Understanding Compound Bows

 Any time you flex a spring you cause it to store energy.  If you take a coil spring and compress it, you have put energy in.  If you release the compression, the spring will straighten back out and give up the energy.  It’s the same with the limbs on a bow.  They are simply springs (cantilever springs).  With a compound bow, the limb tips aren't flexed backward toward the shooter by the string like they are with a traditional recurve that has no cams.  Instead, the string and harnesses pull the limb tips toward each other.  Here’s how a compound bow works.


D05-4040 (Custom) (Custom).JPG Compound bow eccentrics are simply a system of levers designed to give you a mechanical advantage when storing energy in the bow during the draw cycle.

The basic eccentric system on a compound is made up of a string, one or two eccentrics (or cams) and one or two harnesses or cables.  (A modern single-cam uses only one cam and a power cable.)  With a traditional two-cam bow, one end of the harness attaches to a peg on the cam.  The other end is attached to the axle on the opposite limb tip.  When you draw the string, you pull the eccentrics around and that wraps the harnesses up and pulls the limb tips toward each other.  Two-cam bows have two harnesses that work together to flex the limbs.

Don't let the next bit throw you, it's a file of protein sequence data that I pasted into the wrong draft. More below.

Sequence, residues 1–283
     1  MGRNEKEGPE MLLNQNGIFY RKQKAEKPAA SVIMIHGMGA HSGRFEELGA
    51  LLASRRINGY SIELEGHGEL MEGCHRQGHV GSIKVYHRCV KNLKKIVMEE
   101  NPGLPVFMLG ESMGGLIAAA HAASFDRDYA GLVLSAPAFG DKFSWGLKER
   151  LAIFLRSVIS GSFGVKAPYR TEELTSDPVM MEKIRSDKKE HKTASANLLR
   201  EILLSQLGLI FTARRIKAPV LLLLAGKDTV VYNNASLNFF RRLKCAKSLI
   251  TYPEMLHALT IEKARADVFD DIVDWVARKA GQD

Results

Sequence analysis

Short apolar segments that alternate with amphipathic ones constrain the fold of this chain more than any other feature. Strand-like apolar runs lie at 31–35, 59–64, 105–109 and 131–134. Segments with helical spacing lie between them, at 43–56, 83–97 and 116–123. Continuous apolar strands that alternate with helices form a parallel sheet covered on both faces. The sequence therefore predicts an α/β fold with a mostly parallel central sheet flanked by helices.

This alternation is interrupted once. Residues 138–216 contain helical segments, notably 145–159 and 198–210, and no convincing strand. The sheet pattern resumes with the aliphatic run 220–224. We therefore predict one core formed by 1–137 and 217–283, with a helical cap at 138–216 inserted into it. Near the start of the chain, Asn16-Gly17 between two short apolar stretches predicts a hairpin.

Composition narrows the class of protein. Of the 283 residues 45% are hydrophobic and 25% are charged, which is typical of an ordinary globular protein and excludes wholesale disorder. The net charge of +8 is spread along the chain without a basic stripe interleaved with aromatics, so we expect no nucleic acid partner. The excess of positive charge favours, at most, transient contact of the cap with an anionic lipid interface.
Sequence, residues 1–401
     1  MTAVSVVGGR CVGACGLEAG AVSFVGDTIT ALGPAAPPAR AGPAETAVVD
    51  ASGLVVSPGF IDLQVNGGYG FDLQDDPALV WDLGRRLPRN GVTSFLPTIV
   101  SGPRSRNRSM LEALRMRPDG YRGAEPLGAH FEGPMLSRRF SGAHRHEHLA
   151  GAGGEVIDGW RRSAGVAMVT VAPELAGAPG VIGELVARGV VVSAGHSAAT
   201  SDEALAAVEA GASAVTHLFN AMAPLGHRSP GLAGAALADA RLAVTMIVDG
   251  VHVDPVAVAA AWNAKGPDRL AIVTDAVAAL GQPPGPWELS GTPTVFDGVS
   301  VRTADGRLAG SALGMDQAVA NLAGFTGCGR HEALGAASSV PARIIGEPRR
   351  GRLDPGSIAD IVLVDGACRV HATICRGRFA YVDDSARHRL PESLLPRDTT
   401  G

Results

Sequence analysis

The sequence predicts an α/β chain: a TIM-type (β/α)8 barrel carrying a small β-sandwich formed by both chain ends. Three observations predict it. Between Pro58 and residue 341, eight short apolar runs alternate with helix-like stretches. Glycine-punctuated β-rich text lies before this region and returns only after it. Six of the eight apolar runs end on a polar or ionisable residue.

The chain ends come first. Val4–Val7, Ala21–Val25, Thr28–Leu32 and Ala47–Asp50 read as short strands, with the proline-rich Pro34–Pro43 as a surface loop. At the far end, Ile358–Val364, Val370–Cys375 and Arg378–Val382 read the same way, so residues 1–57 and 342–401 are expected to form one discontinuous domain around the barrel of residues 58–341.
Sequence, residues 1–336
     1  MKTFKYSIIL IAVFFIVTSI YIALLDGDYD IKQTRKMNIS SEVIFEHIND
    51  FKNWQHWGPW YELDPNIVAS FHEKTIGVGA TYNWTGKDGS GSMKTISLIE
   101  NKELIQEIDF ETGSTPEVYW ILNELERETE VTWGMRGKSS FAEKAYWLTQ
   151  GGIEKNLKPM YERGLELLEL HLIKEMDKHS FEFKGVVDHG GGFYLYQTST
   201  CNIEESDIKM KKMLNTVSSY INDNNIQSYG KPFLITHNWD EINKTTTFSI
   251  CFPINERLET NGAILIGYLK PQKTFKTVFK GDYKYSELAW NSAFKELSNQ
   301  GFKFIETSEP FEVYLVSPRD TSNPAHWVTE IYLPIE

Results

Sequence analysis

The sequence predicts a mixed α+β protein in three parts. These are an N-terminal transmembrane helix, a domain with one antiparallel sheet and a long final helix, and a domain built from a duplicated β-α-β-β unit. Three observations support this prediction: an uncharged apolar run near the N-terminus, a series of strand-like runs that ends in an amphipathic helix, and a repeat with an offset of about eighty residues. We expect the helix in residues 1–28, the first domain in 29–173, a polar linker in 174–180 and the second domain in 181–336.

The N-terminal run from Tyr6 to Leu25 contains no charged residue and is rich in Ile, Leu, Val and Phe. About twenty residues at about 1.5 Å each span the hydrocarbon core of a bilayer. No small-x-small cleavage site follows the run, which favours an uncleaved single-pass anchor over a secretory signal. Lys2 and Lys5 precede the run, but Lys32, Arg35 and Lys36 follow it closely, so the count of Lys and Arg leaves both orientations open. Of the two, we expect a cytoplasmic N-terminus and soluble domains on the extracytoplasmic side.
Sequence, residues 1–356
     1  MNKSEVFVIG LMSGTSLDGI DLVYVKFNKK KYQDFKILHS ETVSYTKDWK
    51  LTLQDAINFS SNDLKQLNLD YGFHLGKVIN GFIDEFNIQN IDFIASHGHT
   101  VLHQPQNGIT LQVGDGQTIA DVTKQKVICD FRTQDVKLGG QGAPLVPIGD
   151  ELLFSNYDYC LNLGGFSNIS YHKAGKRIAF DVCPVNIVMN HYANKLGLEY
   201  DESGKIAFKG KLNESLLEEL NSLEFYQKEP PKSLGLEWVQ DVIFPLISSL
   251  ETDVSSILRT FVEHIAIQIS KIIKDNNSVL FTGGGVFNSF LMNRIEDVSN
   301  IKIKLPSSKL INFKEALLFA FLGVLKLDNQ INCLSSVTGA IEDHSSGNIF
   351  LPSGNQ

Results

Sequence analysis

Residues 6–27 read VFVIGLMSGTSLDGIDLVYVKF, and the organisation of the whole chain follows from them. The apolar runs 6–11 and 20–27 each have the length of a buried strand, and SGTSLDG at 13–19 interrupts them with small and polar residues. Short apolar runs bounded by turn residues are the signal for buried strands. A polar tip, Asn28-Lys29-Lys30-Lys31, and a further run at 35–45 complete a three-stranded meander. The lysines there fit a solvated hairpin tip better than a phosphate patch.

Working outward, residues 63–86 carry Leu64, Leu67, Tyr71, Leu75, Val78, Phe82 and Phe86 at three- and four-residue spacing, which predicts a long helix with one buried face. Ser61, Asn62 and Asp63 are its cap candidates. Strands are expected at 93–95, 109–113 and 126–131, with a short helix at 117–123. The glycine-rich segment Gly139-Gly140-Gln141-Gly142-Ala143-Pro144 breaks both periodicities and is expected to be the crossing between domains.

Single-cam bows, on the other hand, have only one harness that is used to pull the limb tips toward each other.  When you draw the string, the cam turns and does two things at once.  It lets the string out on the front and back while at the same time wrapping up the power cable to flex the limbs.  The result is the same, the limb tips bend toward each other and the bow stores energy.

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